AC/DC seems to do this with most of their songs live.
posted by Boxenmacher at 9:32 AM on March 28, 2013 [1 favorite]

The drummer usually ends the song by playing the final note on his bass drum - I've heard this referred to as "shutting the door."
posted by elmer benson at 9:56 AM on March 28, 2013 [1 favorite]

There really isn't anything more specific than "ending", sorry. It also depends on who you are talking to because a lot of terms mean different things to classically trained musicians as they do pop/rock musicians.

"Tag" doesn't mean holding the last notes during a live concert. Tag is when you "tag" the song with either part of the phrase you just played, or repeating the second half of the last chorus because you are having fun, or using a few bars of the opening as an outro, etc... sort of like a "coda" to the classically trained peeps, but still not quite the same thing.

"Fermata" is close in that if you were to write out the ruckus on paper, there would be fermatas in the score, but it doesn't completely work here unless you are just holding the last notes, technically.

I guess you could use "codetta" which means "tiny ending" in that "coda" means "tail"...but it is an entire section of music--not just holding the end of a song with a bunch of ruckus.

Not really an "outro", either, as that, too, is an entire section of music.

Personally, I like "the big ending" as Boxenmacher suggests. It really is the most accurate term used here.

Maybe there are slang terms which I am not aware of, also.

And, yes, Infidel is totally correct in that the drummer gets the job of deciding when it's over, even though people in the audience think the lead guitarist jumping and landing to end it is in charge...they really aren't.
posted by TinWhistle at 9:58 AM on March 28, 2013 [1 favorite]

The member of our band who has the most "formal" musical background calls it vamping plus a stinger. For example, "So at the end of this song let's vamp on the F chord for about 4 bars and then do a two note stinger to end it." And then the rest of say "right, right, 4 bars on the F, sure" and then immediately forgot what we said and just follow the drummer. Goes sort of like this.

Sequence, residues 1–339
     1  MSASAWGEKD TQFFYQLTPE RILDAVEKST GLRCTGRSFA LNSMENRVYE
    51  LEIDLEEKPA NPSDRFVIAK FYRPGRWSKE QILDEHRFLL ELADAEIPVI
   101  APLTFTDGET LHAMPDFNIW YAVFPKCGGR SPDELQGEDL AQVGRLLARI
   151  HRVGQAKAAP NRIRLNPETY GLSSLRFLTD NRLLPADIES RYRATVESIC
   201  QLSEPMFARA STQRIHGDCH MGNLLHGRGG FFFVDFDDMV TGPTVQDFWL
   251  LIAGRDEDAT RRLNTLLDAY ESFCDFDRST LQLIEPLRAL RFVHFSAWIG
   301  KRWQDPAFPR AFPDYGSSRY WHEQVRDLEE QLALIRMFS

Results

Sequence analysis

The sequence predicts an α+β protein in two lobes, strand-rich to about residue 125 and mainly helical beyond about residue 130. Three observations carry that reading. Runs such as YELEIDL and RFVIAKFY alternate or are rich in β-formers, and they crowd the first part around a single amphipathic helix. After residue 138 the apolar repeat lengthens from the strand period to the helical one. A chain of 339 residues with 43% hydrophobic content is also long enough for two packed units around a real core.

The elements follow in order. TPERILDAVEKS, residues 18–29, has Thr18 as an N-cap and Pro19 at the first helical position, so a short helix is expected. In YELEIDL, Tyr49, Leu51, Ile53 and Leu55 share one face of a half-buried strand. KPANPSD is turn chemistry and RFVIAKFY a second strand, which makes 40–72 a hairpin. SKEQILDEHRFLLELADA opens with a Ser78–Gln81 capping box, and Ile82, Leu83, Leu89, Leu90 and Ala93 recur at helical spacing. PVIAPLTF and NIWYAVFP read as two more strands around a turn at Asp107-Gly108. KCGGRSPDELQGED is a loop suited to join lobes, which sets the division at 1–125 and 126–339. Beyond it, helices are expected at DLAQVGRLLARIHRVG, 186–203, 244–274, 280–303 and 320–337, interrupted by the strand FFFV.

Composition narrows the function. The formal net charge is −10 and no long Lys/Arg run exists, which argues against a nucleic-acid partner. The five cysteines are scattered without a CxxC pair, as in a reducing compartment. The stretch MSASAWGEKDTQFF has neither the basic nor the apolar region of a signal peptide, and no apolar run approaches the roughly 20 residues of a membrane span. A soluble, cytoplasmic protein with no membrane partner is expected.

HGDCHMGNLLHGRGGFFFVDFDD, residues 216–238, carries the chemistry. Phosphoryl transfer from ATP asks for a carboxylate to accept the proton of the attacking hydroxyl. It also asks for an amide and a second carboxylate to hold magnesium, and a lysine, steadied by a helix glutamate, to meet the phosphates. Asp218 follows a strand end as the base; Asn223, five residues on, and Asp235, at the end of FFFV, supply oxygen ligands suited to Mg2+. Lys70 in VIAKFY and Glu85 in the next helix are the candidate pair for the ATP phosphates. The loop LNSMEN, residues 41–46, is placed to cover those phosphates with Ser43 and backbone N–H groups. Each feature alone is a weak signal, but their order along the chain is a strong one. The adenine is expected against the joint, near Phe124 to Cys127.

posted by otolith at 10:00 AM on March 28, 2013 [1 favorite]

I've always used the onomatopoeia "dig-a-blap" or "diddle-a-blap." It gets the message across.
posted by Devils Rancher at 10:35 AM on March 28, 2013

In almost any band I've been in we also call this "big ending".
posted by humboldt32 at 3:43 PM on March 28, 2013

I don’t if there’s a name, but getting it right is has a lot to do with feel, and a LOT of it is visual. Someone needs to be in charge, usually the drummer. Watch bands do it, everyone starts to let it die down a bit then the drummer will often hold his hands up and drumatically (ha! actual typo!) start to bring them down. You will often see them nodding at each other.
posted by bongo_x at 5:49 PM on March 28, 2013

« Older Leave nothing behind   |   How do I choose strings for my kid's violin? Newer »
This thread is closed to new comments.